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When people think of the history of medicine, people usually think Europe & Asia, but never in the Americas. The most advancements in the world were in Mexico in the region that people mostly call Meso-America.

Though there are thousands of plants, I will only focus on the basic information that would be the introduction to Pre-Columbian medicine. I’ll post some of my research on the plants along with some details if anyone is interested.

The ancient Nahuas had schools of medicine where people could study to become:

Medical Internist

Medical Surgeon




Eye Doctor


Ear Doctor

Then the conquest happened and it seemed as though medicine went into the dark ages.

Not all is lost; Two Nahuas by the name Martin De La Cruz and Juan Badiano, from the Colegio de Santa Cruz de Tlatelolco, wrote a book about Herbal medicines known by many names. The original title for the book was Libellus de Medicinalibus Indorum Herbis (Latin for Little Book of the Medicinal Herbs of the Indians). Since it’s not PC, it also has other names: Badianus Manuscript (named after Juan Badiano), Codex de la Cruz-Badiano (named after both Martin De La Cruz & Juan Badiano) and Codex Barberini (named after Francesco Barberini since he owned the document for some time). For the sake of a name, I will calling it Codex de la Cruz-Badiano since both played an important part to this document. Martin De La Cruz wrote it in Nahuatl while Juan Badiano wrote it in Latin. It was completed in 1552. The Nahuatl text has been lost, but the Latin text still survives.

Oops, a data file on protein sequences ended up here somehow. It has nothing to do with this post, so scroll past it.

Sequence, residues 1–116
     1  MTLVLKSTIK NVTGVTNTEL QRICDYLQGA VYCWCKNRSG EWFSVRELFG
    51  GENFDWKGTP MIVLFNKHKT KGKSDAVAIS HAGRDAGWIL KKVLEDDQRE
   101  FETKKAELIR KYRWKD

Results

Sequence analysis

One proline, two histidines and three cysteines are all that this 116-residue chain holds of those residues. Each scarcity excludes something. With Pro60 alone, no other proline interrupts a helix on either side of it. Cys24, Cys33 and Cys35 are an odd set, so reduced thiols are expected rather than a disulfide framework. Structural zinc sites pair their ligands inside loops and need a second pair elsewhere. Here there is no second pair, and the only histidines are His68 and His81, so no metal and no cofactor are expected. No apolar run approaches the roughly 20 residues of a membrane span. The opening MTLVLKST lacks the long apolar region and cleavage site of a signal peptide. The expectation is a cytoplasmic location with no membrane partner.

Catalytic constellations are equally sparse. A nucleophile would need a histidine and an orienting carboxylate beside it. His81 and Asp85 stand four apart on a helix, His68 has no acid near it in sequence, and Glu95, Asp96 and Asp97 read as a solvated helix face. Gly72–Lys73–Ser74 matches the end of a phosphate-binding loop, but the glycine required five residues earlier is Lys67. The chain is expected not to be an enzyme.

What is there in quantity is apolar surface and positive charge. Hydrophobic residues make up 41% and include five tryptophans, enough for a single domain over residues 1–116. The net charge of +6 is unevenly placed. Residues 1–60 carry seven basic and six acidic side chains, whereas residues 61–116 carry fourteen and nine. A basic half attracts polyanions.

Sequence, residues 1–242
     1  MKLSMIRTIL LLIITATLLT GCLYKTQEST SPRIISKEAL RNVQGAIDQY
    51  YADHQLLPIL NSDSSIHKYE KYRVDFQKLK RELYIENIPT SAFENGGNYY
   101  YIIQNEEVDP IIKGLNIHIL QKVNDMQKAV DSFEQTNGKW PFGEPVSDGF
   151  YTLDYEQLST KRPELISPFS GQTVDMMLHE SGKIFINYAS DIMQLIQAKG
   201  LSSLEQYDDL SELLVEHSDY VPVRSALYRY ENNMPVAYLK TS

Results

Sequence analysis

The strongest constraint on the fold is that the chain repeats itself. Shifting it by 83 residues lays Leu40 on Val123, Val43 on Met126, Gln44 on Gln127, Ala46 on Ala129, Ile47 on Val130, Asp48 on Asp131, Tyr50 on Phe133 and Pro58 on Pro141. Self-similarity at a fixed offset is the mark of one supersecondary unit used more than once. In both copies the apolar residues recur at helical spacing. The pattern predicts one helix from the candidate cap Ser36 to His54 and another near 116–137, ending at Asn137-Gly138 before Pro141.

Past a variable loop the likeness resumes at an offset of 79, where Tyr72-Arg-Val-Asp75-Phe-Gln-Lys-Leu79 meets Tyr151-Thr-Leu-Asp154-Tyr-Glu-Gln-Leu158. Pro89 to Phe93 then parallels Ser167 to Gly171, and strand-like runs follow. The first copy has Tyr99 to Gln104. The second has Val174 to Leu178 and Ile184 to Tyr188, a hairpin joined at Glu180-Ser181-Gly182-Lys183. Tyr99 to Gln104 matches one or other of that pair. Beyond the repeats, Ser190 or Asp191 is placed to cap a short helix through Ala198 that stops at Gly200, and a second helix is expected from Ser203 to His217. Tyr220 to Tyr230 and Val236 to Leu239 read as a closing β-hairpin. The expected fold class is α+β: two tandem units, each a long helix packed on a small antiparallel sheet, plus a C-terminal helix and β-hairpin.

Very little is known on Martin De La Cruz and Juan Badiano. From what we know, Martin De La Cruz was a doctor before the conquest. What type of doctor is not really detailed in documents. Juan Badiano is believed to be born in 1484 from Chililico, Xochimilco born in nobility. At the age of 41, he was taken to the Colegio de Santa Cruz de Tlatelolco, where he learned Spanish & Latin. He would later become a teacher in the school.

The introduction of the book:

A little book of the medicinal herbs of the Indians, which a certain Indian of the College of Santa Cruz composed, taught by no formal resonings but educated by experiments only. In the year of our Lord the Savior, 1552.

To the most eminent lord Francisco de Mendoza, the exalted son of the lord viceroy Antonio de Mendoza, the most illustrious superior of these Indies, Martin de la Cruz, his unworthy servitor, prays the greatest health and prosperity.

Since in thee the graces and ornaments of all the virtues shine, and those good gifts that are desired by any mortal, most magnificent lord, I in truth know not what in thee I may most praise. Indeed I do not see by what praises I may bring forth thy marked affection, with what words I may render thanks for thy exceeding beneficence. For thy father, a man most Christian and most devoted, I cannot find words to say how most of all he has favored me; for whatever I am, whatever I posses and whatever name I have, I owe to him. Nothing equal to, nothing worthy I find, for his beneficence. I can indeed render enormous thanks to my Maecenas, but can repay in the smallest degree. Wherefore, whatever I am, I offer myself, dedicate and consecrate myself to his service. Nor indeed to him alone, but also to thee, my most eminent lord, for the most sure sign and evidence of my singular affection.